hiring c-suite executives

Hiring C-suite executives: 6 essential questions

Selecting senior leadership team members is among the most significant – and perhaps transformative – choices a company can make.

Whether yours is an up-and-coming business or an established organization facing a critical pivot point, hiring C-suite executives is an opportunity to take a closer look at your organization’s top priorities and hire accordingly.

To guide you through this process, here are six key questions to consider:

1. Whom should you hire first?

For small or startup companies, typically the founder has the title and function of CEO. In businesses rooted in a partnership, titles may be shared or divided in a way to reflect individual strengths and experiences.

The traditional first C-suite executive hire

Assuming the founding leadership has specialized knowledge outside of money matters, often the first new leader to be on-boarded or promoted through the ranks is a chief financial officer (CFO).

At least that’s how things have been done traditionally.

More recently the financial duties typically tied to the CFO have been assigned to a controller, a certified public accountant (CPA) or even a consultant.

If bookkeeping practices are kept in reasonable order and someone can manage the books, tackle closing and financial reporting, then there’s no requirement that the most senior financial person have a C-suite title, saving you a permanent post and a corresponding salary.

Larger, established organizations may discover the departure of a CFO is a great time to reconsider the post and its necessity. Outsourcing financial oversight responsibilities may both make sense for your workflow and save money.

The CFO job duties have recently shifted to focus more heavily on M&A, due diligence, treasury and initial public offerings (IPO). If your need does not include any of these factors, then an individual with the title of CFO may not be needed in your organization. 

The modern first C-suite executive hire

For many modern companies, it may be wiser to invest significant money and energy toward securing a chief technical officer (CTO) or chief information officer (CIO).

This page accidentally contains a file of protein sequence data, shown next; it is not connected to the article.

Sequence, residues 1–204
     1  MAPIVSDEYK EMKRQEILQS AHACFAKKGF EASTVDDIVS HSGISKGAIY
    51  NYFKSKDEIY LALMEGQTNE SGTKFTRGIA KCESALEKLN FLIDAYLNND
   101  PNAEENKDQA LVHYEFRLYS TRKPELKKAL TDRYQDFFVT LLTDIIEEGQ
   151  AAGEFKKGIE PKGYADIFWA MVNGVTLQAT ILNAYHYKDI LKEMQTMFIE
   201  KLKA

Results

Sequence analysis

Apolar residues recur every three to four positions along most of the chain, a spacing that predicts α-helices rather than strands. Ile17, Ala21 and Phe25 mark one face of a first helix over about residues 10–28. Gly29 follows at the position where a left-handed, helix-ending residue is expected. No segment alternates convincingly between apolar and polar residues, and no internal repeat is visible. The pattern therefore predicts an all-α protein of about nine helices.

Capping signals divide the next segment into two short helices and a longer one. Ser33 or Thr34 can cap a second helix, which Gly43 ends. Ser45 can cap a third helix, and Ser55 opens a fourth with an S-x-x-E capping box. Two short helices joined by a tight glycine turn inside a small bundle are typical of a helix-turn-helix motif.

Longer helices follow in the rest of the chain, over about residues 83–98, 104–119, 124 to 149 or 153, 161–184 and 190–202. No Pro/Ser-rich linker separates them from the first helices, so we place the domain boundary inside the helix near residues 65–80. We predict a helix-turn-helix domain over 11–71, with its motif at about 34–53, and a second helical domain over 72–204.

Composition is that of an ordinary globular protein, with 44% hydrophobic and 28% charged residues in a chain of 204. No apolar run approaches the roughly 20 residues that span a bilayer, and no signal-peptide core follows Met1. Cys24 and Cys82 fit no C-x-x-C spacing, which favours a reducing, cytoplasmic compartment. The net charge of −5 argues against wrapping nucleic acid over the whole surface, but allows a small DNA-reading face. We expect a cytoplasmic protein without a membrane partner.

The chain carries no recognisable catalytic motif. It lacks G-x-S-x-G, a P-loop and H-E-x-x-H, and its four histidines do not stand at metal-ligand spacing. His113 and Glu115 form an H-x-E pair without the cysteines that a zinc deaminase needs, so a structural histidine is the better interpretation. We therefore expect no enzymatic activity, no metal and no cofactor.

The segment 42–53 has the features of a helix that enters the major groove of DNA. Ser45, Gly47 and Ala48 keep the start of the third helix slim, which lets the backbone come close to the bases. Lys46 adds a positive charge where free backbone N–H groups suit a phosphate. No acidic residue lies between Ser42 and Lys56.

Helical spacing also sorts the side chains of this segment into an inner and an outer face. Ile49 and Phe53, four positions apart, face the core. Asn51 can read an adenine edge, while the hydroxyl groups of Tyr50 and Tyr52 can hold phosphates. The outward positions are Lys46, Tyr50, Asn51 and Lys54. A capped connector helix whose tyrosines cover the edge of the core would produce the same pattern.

A great CTO or CIO:

  • Understands the ins-and-outs of your organization
  • May be charged with ensuring the reliability and implementation of automated accounting, procurement and sales customer relations management (CRM) tools
  • May have responsibilities that cut across several areas, making the position more mission-critical than a CFO

Beyond the areas of finance and information technology, the nature of the work and size of the company will dictate whether or not additional C-suite positions are needed for operations, marketing, compliance, human resources or general counsel.

Similar to the CFO role, many companies find outsourcing these positions can keep overall costs lower than the salary and benefit packages that individual C-suite officers might reasonably expect. Potential savings can be used in all sorts of ways, from research and development to expanding your sales team.

2. How do you attract top-notch C-suite executives?

Frankly, whether you’re looking for a CEO or any other C-suite positions, the work of recruiting, hiring and retaining a great employee begins long before a job announcement is drafted.

Developing a clear sense of mission and building a culture that genuinely reflects that purpose is vital. If your culture doesn’t authentically reflect your overall objectives and vice versa, it can be difficult to attract great candidates.

People in every industry talk amongst themselves and word can spread if there are negative behaviors or a short-sighted vision in place. A rapid succession of departures from key posts by well-regarded individuals can be red flags to outsiders, even if existing leaders believe they’re making changes for the greater good.

At the same time, a company with an excellent reputation within their industry may find themselves inundated with applications from top-notch candidates.

Your C-suite executive recruitment process

Assuming your mission and culture are in sync and your reputation is solid, let’s consider who needs to be involved in the recruitment process.

Depending upon the structure of your company, essential stakeholders may include everyone from direct reports, members of the board, private equity group members, and those currently in top leadership posts. If your C-suite employee is retiring, it is good to have them involved in the process as well.

When you initiate your search, it’s critical to consider who will be involved in the initial screening of candidates, interviews and making the final offer. This cadre of professionals likely have opinions – perhaps strong ones – about responsibilities, deliverables and other functions for the new staff member.